Tango: The Cultural Connection Between Medellin, Colombia and Argentina

There is a close cultural exchange between the city of Medellin, Colombia and Argentina, which centers around the Latin dance form of tango. While many have compared Medellin to the European ambience of Buenos Aries, the connection is based upon more than superficial appearances. This association dates back to 1935, when one of the great Argentinean tango dancers, Carlos Gardel, died tragically in a plane crash in Medellin. A monument to this tango artist now graces the Medellin airport as a permanent reminder of the cultural ties based in this primarily Argentinean dance form.

medellinvida.com Carlos Gardel

Carlos Gardel

 

The city of Medellin is known for its intellectual and artistic culture, and residents developed an affinity over the years for the music and dance of tango, which led to a number of tango songs being produced in the city. This connection grew as residents embraced tango in the local cafes and dance halls, as well as surging interest in Argentinean films. Many films stars from Argentina would come to visit Medellin, and even soccer players found themselves recruited to the local football clubs of this popular Latin American sport.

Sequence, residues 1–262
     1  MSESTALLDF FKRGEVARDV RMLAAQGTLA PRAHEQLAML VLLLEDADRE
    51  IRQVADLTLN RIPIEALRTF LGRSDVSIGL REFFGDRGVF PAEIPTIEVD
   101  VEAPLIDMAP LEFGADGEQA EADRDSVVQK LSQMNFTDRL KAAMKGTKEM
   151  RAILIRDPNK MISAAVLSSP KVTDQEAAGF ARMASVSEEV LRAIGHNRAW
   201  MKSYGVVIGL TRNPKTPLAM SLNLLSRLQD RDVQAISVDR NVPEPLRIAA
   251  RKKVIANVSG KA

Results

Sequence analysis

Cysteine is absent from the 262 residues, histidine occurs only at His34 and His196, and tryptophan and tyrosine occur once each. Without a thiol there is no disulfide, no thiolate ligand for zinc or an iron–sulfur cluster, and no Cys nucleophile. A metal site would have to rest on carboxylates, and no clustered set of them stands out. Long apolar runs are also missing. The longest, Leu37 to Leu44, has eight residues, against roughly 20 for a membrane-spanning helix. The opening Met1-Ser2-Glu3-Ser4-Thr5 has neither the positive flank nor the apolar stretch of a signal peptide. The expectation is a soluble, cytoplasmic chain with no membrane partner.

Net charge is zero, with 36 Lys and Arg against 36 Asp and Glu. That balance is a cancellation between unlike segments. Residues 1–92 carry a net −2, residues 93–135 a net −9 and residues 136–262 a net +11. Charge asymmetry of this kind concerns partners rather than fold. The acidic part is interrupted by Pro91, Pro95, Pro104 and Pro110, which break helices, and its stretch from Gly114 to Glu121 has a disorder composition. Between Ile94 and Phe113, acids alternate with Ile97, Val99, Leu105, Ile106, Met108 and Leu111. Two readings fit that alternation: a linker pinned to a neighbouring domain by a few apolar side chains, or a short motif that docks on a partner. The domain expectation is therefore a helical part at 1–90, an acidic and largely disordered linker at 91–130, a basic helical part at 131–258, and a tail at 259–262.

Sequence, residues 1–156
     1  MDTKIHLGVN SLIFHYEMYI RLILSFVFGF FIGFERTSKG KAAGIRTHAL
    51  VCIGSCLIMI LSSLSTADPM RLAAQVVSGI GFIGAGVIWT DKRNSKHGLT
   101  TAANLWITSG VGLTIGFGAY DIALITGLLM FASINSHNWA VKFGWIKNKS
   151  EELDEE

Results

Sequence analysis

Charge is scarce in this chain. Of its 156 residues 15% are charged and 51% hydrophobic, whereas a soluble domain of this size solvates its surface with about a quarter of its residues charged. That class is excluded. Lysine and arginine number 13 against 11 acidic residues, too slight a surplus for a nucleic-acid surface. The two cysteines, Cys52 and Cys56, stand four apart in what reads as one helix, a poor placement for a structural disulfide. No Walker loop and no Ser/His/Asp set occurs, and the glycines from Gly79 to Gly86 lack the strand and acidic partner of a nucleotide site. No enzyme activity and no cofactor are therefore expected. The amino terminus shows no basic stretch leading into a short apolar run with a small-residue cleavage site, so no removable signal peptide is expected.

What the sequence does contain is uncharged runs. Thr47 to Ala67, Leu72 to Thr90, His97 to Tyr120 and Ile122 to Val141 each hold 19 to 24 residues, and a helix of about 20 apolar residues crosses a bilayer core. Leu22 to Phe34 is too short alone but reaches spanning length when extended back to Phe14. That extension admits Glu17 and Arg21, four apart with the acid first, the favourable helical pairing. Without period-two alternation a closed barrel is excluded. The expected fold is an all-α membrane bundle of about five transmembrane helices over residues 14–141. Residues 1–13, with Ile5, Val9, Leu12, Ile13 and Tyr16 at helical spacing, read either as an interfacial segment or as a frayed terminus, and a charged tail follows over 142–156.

tango_monument

Recently a memorial art statue was erected to commemorate the close ties between Medellin and Argentina, and there is even a web presence at tangomedellin.co that illustrate the many venues for this cultural dance in the city. For visitors that want to experience this dance form there is Homero Manzi, a bar and restaurant that hosts lessons, workshops and conferences in a club setting, as well as the popular Patio del Tango. There are also two tango museums in Medellin, including Casa Gardeliana, which has collections of photos and music as well as offering tango events. For five days every June, Medellin hosts an international tango festival which attracts tango artists and afficianados to celebrate this beloved dance form.

Tango

One of the more interesting and subtle aspects of this cross-border relationship is in the way Spanish is spoken in Medellin. Paisas as the residents are known speak a very smooth and easy to understand dialect, and in some respects have adopted Argentinean words or pronunciation. For example, the “ll” is typically pronounced in Spanish with a ‘y’ sound like the word ‘yes’. However, in Medellin, residents pronounce the sound with a soft ‘j’ sound such as in the word ‘jeans’. Thus, the city itself is often heard pronounced ‘med-i-jeean’. If you learn to speak Spanish in Medellin, residents of other cities in Colombia will recognize your accent immediately as paisa.


For visitors to Colombia that want to experience a different type of cultural blend, Medellin offers something unique and interesting in the relationship to its southern Latin American neighbor. If you want to experience a taste of Argentina, Medellin can offer you an evening of tango that you wont forget.

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